One issue that has come up in some contributions, in which I would like to provide some clarity on, is the definition of child labour. We should not consifer the term 'safe child labour'. As mentioned in the definition above, there are many tasks that are age-appropriate, not hazardous and do not interfere with a child's education. These tasks would not be considered child labour and would should simply be refered to as age-appropiate tasks in agriculture or children's involvement in work.

      Child labour, by definition, is work that engages children below the age of employment, is hazardous, interferes with compulsory education and/or any work that is mentally, physically, socially, morally harmful to a child. Children working in school gardens or assisting their parents in safe, age appropriate tasks on the farm is not child labour. Yet, it is important to recognize that child labour, as per the definition above, is found in both enterprises and family farms. Moreover, child labour in familyis more prevelant in farming in relative terms. Therefore, when looking into appriopriate policy or strategies to address child labour in agriculture, it is essential that we have a strong understanding of what is and what is not child labour in order to make appropriate deicsions that benefit vulnerable rural families and the sustainability of the agriculture sector. This may involve, for example, looking at the national hazardous work list that have developed for all countries that have ratified the ILO Convention 182 'Elimination of the Worst Forms of Child Labour' or consulting with agricultural stakeholders for an updated national list on hazardous work in agriculture.

      I want to thank all of you again for the rich knowledge brought forth thus far, and we encourage you to continue the discussion, and for new participants to share their insights or case studies until Monday, May 25. You can also post your contribution on Monday.

      Warm regards to all,

      Jessie River Fagan [Facilitator]

    • Dear Participants,

      Thanks for all your contributions. It has been an interesting week. We have heard from policy makers (government), producer organizatoins and farmer's unions, academics researchers, NGOs, UN agencies, and those working at community level.

      The word education has repeatedly come up. This includes greater access to rural [quality] education and how access to education for older children remains an issue, including school fees. The important role of producer organizations and farmer unions has been expressed on several occasion. This includes giving farmers credit opportunities, raising awareness on hazardous work and child labour, providing shared opportunities for access mechanization and much more. Several participants brought up the concept of child labour free zones, which requires community level mobilization. Moreover, the need of an integrated approach which requires coherence between different ministries and stakedhoders has been mentioned on different occasions.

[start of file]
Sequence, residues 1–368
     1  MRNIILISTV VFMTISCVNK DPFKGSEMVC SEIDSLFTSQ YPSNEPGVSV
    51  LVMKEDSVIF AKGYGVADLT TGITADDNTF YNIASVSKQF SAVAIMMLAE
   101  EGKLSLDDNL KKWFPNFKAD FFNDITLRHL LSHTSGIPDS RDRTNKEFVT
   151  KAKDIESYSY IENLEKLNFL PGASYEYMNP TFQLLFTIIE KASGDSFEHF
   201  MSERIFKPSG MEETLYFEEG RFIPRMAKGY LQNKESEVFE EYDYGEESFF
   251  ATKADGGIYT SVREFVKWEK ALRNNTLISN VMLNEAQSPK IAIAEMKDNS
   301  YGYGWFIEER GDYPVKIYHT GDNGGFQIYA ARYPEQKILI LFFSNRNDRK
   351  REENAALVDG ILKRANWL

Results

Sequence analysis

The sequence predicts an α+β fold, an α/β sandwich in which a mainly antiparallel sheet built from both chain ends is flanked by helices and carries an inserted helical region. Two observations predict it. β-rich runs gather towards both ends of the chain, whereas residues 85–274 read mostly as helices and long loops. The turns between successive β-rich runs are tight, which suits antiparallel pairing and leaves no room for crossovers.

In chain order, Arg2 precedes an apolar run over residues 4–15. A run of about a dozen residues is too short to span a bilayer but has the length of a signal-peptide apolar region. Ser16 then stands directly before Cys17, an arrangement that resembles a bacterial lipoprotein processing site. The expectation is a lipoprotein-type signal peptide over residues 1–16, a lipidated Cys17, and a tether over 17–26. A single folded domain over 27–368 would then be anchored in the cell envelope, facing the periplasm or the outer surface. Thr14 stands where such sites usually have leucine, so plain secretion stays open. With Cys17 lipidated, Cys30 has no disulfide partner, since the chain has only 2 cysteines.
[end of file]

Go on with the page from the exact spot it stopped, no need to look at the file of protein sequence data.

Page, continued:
Other interested points, among many, include the potential of territorial development approaches, the importance of rural consultation to child's rights organizations and how smallholder farmers could greatly benefit from various social protection mechanisn as well greater access to information related to price fluctuation. It was mentioned that policy enforcement is often an issue, while a policy to address child labour may exist at national level, limited action is done at local level which, at times, can be attributed to the lack of information on policies amongst local authories and limited knowledge capacity on concrete measures that can be taken at communtiy level.

      We would like to hear more from you, as well as newcomers, on:

      • Concrete measures that that have been put in place that have successfully reduced child labour in agriculture. Who have been involved in this process? 
      • How can we improve labour conditions for seasonal/temporarly agricultural workers and migrants. 
      • How can we address the hidden work on girls that interfere with schooling. 
      • Who are the different agriculture stakerholders that have a role to play in the fight against child labour in agriculture? What are there roles and how should they coordinate?


      We look forward to a continued discussion! Among the questions just listed, we remind participants to  list the number of question for which they are providing an answer. However, if the experience you would like to share does not fit into one of the questions, it is equally welcome.

      Warm regards,

      Jessie Rivera Fagan [Facilitator]

    • Dear Participants,

      Thanks to all of you for the sharing your insights, recommendations and posing questions related to the root causes of child labour and hazardous work to the wider community.

      Certification schemes certainly have strong potential to set environmental and social criteria based on consumer demand and can certainly be leveraged to set higher decent work standards for plantations and employers, including addressing child labour. To further add to this point, it is equally important to consider how these measures are being monitored in practice and ensuring that employers are not only abiding by legislation but also providing decent working conditions for agriculture agriculture workers (including formal contracts, fair wages, right to collective bargaining etc.) in order to address the root cause of child labour.